An MDRC evaluation of Moving Up, a program in South Carolina that aimed to help former welfare recipients obtain jobs, work more steadily, and move up in the labor market, found that the program had little effect on employment rates, earnings, employment retention, or advancement.
Early results are mixed for Employment Retention and Advancement project programs in four sites, but programs in two sites appear to help some welfare recipients work more steadily and advance to higher-paying jobs.
Five-Year Adult and Child Impacts for Eleven Programs
How best to help people move from welfare to work — particularly whether an employment-focused approach or an education-focused approach is more effective — has been a subject of long-standing debate. This report summary, which describes the long-term effects of 11 different mandatory welfare-to-work programs for single parents and their children, takes a major step toward resolving this debate.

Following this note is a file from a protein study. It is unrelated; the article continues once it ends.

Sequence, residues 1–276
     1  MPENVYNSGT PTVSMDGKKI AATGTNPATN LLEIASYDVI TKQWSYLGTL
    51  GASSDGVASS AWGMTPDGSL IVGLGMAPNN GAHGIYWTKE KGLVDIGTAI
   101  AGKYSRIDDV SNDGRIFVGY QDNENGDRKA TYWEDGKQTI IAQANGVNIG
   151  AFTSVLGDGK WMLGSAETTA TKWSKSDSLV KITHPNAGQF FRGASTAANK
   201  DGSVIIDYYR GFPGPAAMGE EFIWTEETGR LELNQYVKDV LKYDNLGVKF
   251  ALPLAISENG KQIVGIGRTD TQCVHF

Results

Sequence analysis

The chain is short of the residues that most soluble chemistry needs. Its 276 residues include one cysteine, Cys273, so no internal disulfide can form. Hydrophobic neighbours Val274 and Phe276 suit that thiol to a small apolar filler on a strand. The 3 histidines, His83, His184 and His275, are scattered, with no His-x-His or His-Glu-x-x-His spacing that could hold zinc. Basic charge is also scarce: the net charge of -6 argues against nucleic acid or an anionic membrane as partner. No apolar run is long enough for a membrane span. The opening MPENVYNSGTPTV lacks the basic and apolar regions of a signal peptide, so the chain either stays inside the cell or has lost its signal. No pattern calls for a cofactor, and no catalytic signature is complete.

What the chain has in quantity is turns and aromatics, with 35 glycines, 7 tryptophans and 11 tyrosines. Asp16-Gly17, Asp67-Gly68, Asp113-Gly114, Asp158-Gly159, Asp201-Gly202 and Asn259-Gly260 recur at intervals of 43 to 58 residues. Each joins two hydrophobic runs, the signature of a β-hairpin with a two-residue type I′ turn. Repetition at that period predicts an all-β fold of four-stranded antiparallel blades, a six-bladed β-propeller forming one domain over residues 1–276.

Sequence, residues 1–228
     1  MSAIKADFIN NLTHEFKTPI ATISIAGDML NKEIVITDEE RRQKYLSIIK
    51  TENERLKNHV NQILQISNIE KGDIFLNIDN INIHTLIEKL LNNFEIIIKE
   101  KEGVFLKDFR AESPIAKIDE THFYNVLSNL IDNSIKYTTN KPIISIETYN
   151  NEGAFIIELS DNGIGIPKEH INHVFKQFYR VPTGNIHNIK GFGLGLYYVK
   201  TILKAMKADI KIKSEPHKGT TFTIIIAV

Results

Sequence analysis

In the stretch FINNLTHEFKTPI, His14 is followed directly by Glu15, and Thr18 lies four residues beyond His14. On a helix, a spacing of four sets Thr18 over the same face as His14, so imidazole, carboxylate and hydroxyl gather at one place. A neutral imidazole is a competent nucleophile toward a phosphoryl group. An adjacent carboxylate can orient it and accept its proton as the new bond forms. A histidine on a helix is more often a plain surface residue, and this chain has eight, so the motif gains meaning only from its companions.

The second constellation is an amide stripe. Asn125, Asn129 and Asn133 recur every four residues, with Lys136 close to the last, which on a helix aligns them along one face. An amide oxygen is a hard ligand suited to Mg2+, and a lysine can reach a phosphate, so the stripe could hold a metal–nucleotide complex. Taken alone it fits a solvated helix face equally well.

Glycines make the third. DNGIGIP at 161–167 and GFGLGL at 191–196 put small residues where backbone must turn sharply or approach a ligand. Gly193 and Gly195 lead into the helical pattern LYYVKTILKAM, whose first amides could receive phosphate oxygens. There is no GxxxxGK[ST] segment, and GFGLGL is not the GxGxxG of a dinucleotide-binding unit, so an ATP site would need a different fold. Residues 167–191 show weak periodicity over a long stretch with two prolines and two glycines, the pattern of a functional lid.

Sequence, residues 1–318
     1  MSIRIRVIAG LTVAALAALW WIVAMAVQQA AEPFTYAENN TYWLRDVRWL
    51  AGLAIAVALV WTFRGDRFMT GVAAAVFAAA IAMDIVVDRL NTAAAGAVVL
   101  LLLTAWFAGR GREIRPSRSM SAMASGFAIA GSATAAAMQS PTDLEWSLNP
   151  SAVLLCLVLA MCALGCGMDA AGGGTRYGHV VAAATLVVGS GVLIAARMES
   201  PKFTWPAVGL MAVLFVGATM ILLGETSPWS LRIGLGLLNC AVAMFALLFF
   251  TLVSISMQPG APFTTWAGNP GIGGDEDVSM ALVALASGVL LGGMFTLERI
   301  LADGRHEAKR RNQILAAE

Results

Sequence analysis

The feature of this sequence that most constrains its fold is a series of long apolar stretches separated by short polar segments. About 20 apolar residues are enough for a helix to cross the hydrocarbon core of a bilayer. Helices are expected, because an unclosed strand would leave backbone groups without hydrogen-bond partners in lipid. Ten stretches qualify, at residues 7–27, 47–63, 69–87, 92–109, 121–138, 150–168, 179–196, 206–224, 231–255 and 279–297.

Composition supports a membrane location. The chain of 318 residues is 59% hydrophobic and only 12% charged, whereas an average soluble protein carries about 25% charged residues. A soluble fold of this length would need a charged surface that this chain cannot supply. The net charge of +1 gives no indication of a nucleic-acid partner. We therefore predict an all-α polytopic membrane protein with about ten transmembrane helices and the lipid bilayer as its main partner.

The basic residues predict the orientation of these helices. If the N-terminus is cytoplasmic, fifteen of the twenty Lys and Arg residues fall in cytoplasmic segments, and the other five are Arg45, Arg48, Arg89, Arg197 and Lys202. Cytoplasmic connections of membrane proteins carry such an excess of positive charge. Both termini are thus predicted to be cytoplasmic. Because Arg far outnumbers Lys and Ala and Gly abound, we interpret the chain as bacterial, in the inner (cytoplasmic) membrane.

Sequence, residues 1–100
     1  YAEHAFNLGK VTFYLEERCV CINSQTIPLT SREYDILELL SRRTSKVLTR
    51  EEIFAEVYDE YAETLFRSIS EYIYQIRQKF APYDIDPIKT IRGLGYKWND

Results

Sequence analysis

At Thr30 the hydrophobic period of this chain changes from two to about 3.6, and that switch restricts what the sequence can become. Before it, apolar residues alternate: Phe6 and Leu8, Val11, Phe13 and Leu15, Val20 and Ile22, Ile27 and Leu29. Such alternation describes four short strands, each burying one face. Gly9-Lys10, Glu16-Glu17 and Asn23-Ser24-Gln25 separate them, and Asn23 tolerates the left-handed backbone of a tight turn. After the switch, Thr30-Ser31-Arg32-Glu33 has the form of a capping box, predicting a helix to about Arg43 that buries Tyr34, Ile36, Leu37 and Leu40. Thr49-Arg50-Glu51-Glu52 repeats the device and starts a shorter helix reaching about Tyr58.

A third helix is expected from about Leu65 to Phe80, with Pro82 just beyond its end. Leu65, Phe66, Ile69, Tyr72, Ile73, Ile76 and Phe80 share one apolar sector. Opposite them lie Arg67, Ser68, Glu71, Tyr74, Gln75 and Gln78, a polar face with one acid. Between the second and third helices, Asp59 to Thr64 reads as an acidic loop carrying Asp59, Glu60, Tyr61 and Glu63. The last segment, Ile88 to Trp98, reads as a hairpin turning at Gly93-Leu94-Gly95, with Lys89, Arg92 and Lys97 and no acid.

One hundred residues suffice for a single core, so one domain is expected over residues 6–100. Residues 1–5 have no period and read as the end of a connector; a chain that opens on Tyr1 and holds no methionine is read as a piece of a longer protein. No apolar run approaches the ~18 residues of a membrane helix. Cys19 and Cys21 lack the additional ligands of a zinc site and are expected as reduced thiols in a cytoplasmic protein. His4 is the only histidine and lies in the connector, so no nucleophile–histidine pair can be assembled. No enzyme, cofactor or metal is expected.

Final Lessons from Parents’ Fair Share
Fathers provide important financial and emotional support to their children. Yet low-income noncustodial fathers, with low wages and high rates of joblessness, often do not fulfill their parenting roles. The child support system has not traditionally helped these men to do so, since its focus has been on securing financial support from fathers who can afford to pay.
New Experimental Evidence on Financial Work Incentives and Pre-Employment Services